Like a lot of the regular visitors to this forum, I spend some time thinking about emergency/survival preparedness and stacking physical metal. Occasionally, though, I wonder - am I preparing for the wrong event? Does it logically follow that civil society collapses as the "Great Keynesian Experiment" reaches its denouement? Let's put our skeptic's hat on in this thread and apply some serious analysis to the situation. I'm not necessarily advocating any particular view on this, I just want to create a marketplace of ideas, supported by realistic assumptions or credible evidence.
I will get the ball rolling:
1. The Worldwide Debt Crisis. If this is the cause of the End, policy reactions are well documented: an orgy of money-printing to monetize all debt worldwide (a/k/a a currency war) or explicit default/contagion that brings down our global financial system. Leaving aside for the moment which endgame is preferable for the average American (default, definitely), what results follow from each outcome?
A. Monetization. Hyperinflation. Prices skyrocket. Panic, but for how long? I have a friend that lived through hyperinflation in Ukraine, and she lived to tell the tale. What hyperinflation will do, primarily, is spread the pain of debt default among all citizens rather than simply creditors. They will be paid back in nearly worthless dollars, but we will all be paid in nearly worthless dollars by our employers too, if we have one. It could happen, but I think total lawlessness would be unlikely for the following reasons:
a. Law and Order. Government could still pay police, fire and other vital service providers, albeit with inflated dollars. Even in Greece, where austerity has led to significant budget cuts (not necessarily required in a hyperinflation scenario) law and order hasn't collapsed. Times will be tough, for sure, but I don't see a collapse of basic law and order in the cards. It will be impaired, sure. Crime will skyrocket. But I don't see governments, local, state or federal, in structural danger.
b. Power and Water. Worst case scenario, the government could seize power plants and transmission facilities if utility companies refused to provide service. Occasional interruptions would be likely, but massive outages would be avoided at all costs. There is no reason to believe the government couldn't run these facilities with the help of employees, which would be more than happy to pitch in.. for a fee.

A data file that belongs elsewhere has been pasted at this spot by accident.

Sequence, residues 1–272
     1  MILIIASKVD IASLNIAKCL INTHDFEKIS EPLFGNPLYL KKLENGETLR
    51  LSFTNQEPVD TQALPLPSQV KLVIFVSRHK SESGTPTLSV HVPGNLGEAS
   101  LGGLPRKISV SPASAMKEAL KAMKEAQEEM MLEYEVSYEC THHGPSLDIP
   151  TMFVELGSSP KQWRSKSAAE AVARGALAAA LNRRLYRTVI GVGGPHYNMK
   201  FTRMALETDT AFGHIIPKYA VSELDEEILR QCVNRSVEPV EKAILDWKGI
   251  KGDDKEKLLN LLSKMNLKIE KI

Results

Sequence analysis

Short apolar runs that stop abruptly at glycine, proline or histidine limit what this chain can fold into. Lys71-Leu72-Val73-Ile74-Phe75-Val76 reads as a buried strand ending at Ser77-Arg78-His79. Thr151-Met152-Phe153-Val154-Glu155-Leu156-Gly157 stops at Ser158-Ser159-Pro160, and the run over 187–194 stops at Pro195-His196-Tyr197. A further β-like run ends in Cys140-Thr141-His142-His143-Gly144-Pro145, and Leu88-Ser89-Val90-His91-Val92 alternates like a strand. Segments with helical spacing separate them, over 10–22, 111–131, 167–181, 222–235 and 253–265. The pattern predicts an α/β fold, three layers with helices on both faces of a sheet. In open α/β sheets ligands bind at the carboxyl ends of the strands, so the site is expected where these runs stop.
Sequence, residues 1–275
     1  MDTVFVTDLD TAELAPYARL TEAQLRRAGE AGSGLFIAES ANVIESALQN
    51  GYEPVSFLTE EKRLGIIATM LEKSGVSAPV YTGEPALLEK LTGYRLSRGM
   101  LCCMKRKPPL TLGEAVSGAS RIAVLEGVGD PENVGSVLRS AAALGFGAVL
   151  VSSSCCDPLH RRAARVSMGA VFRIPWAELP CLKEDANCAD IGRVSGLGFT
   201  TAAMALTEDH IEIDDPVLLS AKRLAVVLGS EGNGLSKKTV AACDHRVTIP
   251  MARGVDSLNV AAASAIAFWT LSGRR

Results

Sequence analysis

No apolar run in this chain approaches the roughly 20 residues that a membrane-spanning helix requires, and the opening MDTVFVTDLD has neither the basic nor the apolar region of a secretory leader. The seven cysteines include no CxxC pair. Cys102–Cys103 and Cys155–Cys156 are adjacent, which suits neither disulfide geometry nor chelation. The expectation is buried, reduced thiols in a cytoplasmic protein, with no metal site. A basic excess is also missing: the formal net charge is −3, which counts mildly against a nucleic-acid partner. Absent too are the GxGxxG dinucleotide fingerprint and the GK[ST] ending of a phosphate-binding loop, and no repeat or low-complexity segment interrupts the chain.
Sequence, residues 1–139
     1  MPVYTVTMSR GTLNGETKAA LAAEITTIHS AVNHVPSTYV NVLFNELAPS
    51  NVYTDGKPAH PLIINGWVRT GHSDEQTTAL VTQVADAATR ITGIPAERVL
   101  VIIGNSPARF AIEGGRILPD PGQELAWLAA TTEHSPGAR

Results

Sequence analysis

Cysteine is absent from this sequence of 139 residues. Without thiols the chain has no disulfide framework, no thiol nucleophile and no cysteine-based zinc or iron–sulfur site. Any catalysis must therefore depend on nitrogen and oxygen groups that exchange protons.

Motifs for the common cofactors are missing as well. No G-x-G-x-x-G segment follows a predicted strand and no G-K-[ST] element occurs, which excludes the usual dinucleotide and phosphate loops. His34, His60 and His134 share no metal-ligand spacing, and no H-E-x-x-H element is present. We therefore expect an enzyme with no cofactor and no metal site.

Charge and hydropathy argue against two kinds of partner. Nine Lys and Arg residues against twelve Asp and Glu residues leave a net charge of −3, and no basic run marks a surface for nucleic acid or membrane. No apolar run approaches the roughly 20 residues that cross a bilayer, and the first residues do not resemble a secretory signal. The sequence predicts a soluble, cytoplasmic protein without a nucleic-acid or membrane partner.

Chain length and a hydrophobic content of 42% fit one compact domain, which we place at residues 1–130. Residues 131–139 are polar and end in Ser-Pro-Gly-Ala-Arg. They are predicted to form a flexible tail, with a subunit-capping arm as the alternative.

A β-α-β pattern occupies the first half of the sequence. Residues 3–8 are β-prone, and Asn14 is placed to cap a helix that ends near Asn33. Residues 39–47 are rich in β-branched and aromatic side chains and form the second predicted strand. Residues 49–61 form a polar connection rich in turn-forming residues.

c. Economy. There will certainly be businesses that won't adapt to a hyperinflationary environment, but there's no reason to assume it would cause economic freefall that would fatally wound the government. Other countries experiencing hyperinflation did not become failed states, just very uncomfortable ones - (Weimar, Zimbabwe). I think it's safe to say that people selling goods will be less likely to part with them, which will lead to some market dislocations, at least until prices stabilize, or a generally accepted alternate method of payment develops, probably a mixture of barter and precious metals. While there could be scarcity of some resources for some period of time, it is a bit longer of a stretch, in my opinion, to assume the collapse of law and order. The government will move heaven and earth to get everyone fed, and will still have the resources to do it. We still possess the world's reserve currency, and no one can force our government to pay back loans/interest it doesn't have, let alone in a more stable currency.
d. Political. Real danger here. Idle hands are the tools of the devil. Enough people unemployed, waiting in line for food could cause some real problems, especially if the police (as they inevitably will) mishandle the situation. If a political movement coalesces around some radical solution, it could spread rather quickly and displace the politicians we know and love. Little problem there... history suggests it might be even worse that what we've got.
e. Psychological. The most severe danger. Panic begets panic, violence begets violence. However, the ordinary American simply has no appetite for violence, real violence. People tend to mind their own business as long as they aren't starving. Until someone explains to me how we suddenly can't feed each other, I don't see how a major panic develops. What will happen is everyone trying to convert cash into hard assets, all at the same time, which will cause some tension, to be sure. I could see things getting out of hand, but someone will have to explain to me why it is likely, much less guaranteed, that this will occur.